Tuesday, July 13, 2010
The Sky This Week - Thursday July 15 to Thursday July 22
Evening sky looking north-west as seen from Adelaide at 5:50 pm on Friday July 16 showing the crescent Moon near Mars and Saturn. Click to embiggen.
The First Quarter Moon is Sunday July 18.
Jupiter rises before midnight, but is still clearly visible in the northern sky as the brightest object in the early morning. Jupiter is now high enough for telescopic observation to be rewarding. Jupiter looks a little different now that one of its bands has disappeared. Jupiter and Uranus are close together and can be seen near each other in a pair of binoculars.
Evening sky looking North-west showing Mercury,Venus, Mars, Saturn and Regulus at 5:50 pm local time on Thursday July 22. Click to embiggen.
Mercury can be seen low above the western horizon from half an hour after sunset at the beginning of the week. It becomes easier to see during the week rising in the evening sky and coming closer to Regulus.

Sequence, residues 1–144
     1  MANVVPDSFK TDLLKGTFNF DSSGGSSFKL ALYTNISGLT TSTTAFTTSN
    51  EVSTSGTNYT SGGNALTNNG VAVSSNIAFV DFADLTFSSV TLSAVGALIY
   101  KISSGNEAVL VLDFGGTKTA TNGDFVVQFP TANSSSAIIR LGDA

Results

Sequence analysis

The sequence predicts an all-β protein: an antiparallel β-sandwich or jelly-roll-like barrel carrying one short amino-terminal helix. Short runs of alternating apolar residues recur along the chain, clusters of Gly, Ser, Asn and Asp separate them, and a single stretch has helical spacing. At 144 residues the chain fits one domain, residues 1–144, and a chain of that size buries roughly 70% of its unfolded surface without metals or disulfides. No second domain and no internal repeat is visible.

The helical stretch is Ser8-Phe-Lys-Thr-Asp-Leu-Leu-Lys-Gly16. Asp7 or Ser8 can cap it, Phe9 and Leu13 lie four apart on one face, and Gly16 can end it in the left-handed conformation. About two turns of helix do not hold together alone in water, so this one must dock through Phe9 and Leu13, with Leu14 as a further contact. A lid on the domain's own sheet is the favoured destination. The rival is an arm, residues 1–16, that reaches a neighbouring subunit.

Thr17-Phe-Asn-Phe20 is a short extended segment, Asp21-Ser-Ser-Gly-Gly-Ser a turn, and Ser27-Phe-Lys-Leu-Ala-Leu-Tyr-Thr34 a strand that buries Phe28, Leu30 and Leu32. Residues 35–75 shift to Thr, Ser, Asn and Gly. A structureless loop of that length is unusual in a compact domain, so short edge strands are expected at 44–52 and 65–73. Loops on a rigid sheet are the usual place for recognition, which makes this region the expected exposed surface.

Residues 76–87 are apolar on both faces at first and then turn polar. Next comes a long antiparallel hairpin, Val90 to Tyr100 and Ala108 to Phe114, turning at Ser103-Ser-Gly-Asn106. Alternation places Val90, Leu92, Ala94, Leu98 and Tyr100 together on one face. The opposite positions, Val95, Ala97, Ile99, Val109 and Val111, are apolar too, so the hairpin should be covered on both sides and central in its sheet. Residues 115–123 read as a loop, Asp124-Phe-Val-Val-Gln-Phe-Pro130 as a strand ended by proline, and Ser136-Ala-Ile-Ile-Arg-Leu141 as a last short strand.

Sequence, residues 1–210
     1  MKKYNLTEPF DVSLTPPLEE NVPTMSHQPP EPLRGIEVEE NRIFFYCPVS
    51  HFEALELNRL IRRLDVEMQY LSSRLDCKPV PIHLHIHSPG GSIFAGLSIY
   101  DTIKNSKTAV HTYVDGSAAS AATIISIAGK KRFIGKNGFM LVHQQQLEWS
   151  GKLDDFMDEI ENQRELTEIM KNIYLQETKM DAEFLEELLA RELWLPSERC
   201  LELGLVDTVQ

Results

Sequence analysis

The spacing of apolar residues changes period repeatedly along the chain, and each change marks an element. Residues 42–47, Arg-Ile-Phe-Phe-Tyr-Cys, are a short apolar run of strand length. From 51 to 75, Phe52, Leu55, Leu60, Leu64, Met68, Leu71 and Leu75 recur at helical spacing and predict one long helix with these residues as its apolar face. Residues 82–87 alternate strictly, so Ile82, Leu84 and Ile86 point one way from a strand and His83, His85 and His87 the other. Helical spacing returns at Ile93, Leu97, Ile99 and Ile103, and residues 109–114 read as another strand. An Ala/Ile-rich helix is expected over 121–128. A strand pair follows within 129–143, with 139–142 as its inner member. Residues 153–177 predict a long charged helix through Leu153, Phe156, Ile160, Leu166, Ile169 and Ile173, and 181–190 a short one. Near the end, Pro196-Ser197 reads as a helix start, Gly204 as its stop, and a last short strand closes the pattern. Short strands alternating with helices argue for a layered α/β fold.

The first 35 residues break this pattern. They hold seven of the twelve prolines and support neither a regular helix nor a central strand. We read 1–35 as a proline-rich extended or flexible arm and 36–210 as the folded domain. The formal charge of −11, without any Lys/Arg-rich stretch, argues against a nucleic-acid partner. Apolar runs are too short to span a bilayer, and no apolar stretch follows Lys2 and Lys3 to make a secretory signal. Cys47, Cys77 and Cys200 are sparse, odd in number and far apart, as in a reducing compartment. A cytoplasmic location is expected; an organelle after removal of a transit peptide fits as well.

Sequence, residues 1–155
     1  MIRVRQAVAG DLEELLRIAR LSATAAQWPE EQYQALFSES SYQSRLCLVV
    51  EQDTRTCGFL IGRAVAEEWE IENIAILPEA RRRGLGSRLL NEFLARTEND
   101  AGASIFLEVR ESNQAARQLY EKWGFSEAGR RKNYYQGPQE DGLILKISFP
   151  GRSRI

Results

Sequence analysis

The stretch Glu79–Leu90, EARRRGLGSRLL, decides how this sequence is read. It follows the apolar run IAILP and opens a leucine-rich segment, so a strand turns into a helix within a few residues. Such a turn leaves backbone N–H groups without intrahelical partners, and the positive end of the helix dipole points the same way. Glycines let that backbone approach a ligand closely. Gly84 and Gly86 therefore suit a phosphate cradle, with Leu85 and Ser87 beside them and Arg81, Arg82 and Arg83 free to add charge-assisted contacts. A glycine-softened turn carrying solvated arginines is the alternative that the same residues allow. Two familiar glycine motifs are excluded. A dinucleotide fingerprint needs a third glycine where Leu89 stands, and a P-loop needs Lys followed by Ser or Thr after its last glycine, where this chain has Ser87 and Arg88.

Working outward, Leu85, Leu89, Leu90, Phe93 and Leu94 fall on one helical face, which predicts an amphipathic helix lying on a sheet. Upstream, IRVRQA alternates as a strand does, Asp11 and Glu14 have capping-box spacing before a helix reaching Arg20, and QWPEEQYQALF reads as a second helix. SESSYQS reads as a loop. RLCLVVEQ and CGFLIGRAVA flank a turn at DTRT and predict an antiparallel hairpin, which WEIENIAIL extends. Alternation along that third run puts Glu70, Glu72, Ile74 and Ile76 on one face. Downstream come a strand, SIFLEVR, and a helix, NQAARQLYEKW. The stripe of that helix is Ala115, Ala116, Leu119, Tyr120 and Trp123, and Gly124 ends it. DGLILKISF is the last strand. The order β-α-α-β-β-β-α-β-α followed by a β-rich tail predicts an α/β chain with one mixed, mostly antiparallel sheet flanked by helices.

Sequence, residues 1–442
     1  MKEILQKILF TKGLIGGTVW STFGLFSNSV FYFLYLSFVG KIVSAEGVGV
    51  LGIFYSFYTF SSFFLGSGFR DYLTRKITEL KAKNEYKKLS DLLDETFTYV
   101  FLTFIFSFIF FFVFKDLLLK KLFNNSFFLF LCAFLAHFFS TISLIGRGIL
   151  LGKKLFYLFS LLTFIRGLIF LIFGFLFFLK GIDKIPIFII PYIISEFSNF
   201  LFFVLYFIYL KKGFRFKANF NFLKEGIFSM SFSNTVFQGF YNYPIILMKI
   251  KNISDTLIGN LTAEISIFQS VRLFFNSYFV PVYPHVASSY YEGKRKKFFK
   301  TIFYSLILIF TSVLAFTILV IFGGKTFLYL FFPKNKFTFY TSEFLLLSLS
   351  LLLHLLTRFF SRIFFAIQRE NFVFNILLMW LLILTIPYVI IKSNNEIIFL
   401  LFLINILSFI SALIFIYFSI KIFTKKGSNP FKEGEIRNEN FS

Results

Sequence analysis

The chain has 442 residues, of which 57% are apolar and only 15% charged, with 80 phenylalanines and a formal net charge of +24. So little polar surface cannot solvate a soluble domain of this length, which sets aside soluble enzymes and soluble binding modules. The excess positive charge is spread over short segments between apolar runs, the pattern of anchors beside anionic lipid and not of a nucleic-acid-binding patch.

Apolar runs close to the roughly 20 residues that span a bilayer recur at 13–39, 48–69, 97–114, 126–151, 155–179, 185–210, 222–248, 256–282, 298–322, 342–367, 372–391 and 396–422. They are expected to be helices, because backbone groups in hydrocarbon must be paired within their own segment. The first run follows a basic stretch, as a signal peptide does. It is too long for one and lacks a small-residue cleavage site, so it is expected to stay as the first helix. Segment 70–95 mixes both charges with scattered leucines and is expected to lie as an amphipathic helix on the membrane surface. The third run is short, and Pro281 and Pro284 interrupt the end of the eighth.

Bright white Venus is readily visible above the western horizon from half an hour after Sunset, (even before) until past the end of twilight (about an hour and a half after sunset). Venus is in Leo the lion, not far from Regulus, the brightest star in Leo, Mars and Saturn. During the week Venus comes closer to Mars and Saturn.
In the evening Mars can be seen low in the north-western sky. Mars is to the right of Venus, close to Saturn at the beginning of the week. The crescent Moon, Mars and Saturn are close on the 16th, with Mercury below. Mars comes closer to Saturn during the week. Mars is now only slightly brighter than Regulus, but is distinguishable by its reddish colouring.
Saturn is easily visible in the western evening sky as the bright yellow object close to red Mars. Telescopic observation of the ringed world is becoming more difficult as Saturn sets earlier. Saturn is high enough in the sky for the best telescopic views at around 7 pm. Saturn's' rings are opening, and look quite beautiful, even in a small telescope. On the 20th of July, Saturns' Moon Titan cruises just below the planets South pole.
If you don't have a telescope, now is a good time to visit one of your local astronomical societies open nights or the local planetariums.
Printable PDF maps of the Eastern sky at 10 pm ADST, Western sky at 10 pm ADST. For further details and more information on what's up in the sky, see Southern Skywatch. Cloud cover predictions can be found at SkippySky.
Labels: weekly sky